Seen and Unseen
JR, the French street artist who was the topic of my last column, represents one extreme of the street art spectrum. He works with communities, orchestrates planned, large-scale, universally celebrated works, and wins huge cash prizes. On the other side of the spectrum, there are street artists, like Kidult, who work on the fringes of communities or against communities, provoke general revulsion, and get arrested.
Kidult’s huge tags—he uses fire extinguishers as spray paint cans—across the storefronts of expensive brands like Agnés B. and Colette protest their use of graffiti-style designs on their expensive products. These tags triumphantly reclaim graffiti as a purely political act, and not simply a visual trope. In an interview with Highsnobiety, Kidult asserted that graffiti is destructive and illegal, and essentially so: “If graffiti becomes legal, I’ll stop.” He sees the visual motifs of graffiti as indivisible from their history of individual action and rebellion. Kidult’s strict sense of artistic ownership stands in contrast to the anarchic freedom of his medium—and in fact he borrows from the visual language of fashion magazines in his posters, if only to twist them into the grotesque.
The most interesting part of William Kentridge’s first Charles Eliot Norton lecture last week concerned the effects of a solar eclipse. He described how to watch an eclipse take place without looking directly at it: If you cut a small hole in a piece of paper and hold that paper flat above a table or other flat surface, you can see the circular spot of sunlight gradually become overtaken by the shadowy reddish crescent of the eclipse.
Kentridge had a revelation when he discovered that each and every spot of sunlight in his studio, including the irregular patches that had filtered through leaves, had its own red crescent—for 65 patches of light, there were 65 differently contoured crescents. Of course, he knew that anyone in Johannesburg with a paper viewer would see the same effect. But the unexpected manifestation of this omnipresence in his studio set Kentridge on a flight of realization about the endless proliferation of views and angles and projections that each object we encounter implicitly offers to the world.
I learned more about how to make art from the Henri-Georges Clouzot documentary “Le Mystère Picasso” than I learned from any previous semester-long painting class. The 1956 documentary is entirely dedicated to recording how Picasso draws and paints. Some of the scenes show him drawing with thick markers that bleed through his paper, so that to the camera, filming from the backside of a glass easel, the lines seem to be making themselves. For paintings where this through-glass approach does not work, the filmmakers take dozens of still images of the painting as it progresses.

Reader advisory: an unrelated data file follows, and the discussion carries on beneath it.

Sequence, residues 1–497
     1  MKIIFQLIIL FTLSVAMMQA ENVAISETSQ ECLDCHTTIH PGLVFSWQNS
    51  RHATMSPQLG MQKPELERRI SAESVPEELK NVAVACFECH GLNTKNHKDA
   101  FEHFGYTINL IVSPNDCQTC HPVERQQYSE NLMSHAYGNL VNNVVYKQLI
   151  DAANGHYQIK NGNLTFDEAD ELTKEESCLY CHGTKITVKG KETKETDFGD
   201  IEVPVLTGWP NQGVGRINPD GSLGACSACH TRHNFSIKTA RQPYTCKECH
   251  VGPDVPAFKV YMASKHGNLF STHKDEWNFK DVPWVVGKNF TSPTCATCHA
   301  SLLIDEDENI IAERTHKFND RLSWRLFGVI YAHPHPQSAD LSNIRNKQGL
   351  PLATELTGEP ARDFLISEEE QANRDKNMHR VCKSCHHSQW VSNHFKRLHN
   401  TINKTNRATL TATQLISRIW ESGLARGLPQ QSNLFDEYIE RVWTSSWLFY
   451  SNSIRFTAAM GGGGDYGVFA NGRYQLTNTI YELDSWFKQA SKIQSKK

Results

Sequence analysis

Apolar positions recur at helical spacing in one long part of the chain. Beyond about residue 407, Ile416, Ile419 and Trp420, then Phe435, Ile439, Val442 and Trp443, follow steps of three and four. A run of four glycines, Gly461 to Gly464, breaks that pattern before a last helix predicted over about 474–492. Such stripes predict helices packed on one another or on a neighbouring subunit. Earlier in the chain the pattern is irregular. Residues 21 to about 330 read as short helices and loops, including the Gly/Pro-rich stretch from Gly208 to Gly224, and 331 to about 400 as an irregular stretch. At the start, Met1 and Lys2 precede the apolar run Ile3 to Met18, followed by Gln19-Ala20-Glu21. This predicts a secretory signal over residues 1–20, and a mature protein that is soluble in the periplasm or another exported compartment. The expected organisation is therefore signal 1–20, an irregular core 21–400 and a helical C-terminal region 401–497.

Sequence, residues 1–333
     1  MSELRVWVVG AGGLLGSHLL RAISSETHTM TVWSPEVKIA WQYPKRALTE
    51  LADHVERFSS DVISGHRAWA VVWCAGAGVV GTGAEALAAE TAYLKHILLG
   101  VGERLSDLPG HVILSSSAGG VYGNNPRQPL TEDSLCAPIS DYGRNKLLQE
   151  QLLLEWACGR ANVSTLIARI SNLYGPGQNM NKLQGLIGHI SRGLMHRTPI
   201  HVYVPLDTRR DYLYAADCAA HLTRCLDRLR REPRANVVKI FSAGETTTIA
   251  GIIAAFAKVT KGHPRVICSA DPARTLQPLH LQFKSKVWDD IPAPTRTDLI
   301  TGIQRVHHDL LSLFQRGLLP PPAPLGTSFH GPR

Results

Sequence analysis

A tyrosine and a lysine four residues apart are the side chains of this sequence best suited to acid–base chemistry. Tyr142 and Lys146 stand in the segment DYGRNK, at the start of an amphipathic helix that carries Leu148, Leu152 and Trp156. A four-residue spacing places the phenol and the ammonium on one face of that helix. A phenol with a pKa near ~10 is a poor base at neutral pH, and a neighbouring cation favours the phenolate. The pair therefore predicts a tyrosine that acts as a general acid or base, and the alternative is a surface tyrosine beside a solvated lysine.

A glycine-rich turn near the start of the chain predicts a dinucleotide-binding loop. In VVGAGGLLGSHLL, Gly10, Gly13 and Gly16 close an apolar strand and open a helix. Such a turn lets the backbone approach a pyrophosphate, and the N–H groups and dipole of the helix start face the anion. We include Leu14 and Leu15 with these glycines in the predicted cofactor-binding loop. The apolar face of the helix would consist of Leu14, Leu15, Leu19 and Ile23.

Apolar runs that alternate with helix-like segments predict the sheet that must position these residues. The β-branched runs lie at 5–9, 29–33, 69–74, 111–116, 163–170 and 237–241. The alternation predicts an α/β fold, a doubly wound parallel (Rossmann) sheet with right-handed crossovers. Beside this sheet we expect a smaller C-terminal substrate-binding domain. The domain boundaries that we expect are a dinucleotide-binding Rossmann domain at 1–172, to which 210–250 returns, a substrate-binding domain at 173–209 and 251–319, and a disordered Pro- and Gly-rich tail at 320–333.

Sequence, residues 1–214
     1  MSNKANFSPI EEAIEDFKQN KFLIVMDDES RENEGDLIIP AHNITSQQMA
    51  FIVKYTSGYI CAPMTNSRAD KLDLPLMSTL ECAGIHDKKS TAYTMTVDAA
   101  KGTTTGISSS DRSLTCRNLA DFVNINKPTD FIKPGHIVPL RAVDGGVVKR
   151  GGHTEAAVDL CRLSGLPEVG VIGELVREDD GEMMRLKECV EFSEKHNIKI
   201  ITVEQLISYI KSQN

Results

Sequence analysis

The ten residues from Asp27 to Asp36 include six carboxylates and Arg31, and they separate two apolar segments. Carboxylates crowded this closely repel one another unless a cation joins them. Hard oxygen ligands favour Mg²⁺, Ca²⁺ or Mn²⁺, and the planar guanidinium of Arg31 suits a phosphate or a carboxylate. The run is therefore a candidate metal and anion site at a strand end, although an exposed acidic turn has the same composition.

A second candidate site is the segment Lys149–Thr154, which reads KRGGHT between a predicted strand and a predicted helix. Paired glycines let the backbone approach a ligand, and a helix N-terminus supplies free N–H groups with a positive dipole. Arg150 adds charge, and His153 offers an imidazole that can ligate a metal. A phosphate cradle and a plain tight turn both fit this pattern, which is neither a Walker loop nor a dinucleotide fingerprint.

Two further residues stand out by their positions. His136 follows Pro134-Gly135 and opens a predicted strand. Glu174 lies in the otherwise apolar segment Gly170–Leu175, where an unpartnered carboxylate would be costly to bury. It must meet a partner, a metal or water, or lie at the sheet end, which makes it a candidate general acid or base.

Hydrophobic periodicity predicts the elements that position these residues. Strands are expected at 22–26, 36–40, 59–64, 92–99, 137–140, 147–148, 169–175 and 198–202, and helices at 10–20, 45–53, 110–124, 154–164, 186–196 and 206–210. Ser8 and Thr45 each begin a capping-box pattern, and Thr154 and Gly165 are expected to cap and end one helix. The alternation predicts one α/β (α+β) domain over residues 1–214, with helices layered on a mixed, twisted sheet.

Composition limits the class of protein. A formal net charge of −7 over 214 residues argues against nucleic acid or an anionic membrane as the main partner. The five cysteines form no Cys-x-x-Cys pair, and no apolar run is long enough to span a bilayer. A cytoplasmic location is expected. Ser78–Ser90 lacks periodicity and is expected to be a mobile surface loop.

Last semester, when I had to write an educational curriculum for an elementary school tutoring program, I picked the topic of color. I bought a prism for the occasion to show the kids that rainbow-wedge Dark-Side-of-the-Moon effect—how a single, pure beam of white light is dispersed into a wide rainbow of color when shown through a triangular prism. I forgot a flashlight, so we tried using the flashlight function on another tutor’s iPhone. But when we shone it through the prism it cast a distressingly truncated rainbow, mostly white with a blue edge. Of course, we should have known: The output spectrum of color is only as good as the input spectrum of the iPhone light.
Computer screens can display even less of the full range of the color spectrum. Our screens’ colors are all the result of combinations of a certain red, a certain blue, and a certain green light—a small triangle on the irregular parabola of visible colors. Computers do a slightly better job with shades on the red end of the spectrum, but there is a deep range of blues and greens that computers cannot display.
The only thing that has stuck for a decade in my memory from Edith Nesbit’s classic novel “Five Children and It” is the set of instructions on how to will yourself into waking up at a certain hour. “You get into bed at night,” Nesbit writes, “and lie down quite flat on your little back with your hands straight down by your sides. Then you say ‘I must wake up at five’ (or six, or seven, or eight, or nine, or whatever the time is that you want), and as you say it you push your chin down on to your chest and then bang your head back on the pillow. And you do this as many times as there are ones in the time you want to wake up at. (It is quite an easy sum.)”
I remember being skeptical of this system as a 12 year-old—was Nesbit trying to make a joke at the expense of her “little” readers? But over the years, I discovered that if I thought concertedly about the time I needed to get up the following morning, I often woke up a few minutes before my alarm clock, no matter how irregular the hours I was keeping. Apparently, you can will yourself into waking up when you need to, along with the proven facts that you can will yourself into a better mood by smiling, and that you can will yourself into believing a placebo will help you even when you know it’s a placebo. I also think that you can will yourself into finding the exact piece of art that you’ve been looking for, knowingly or not.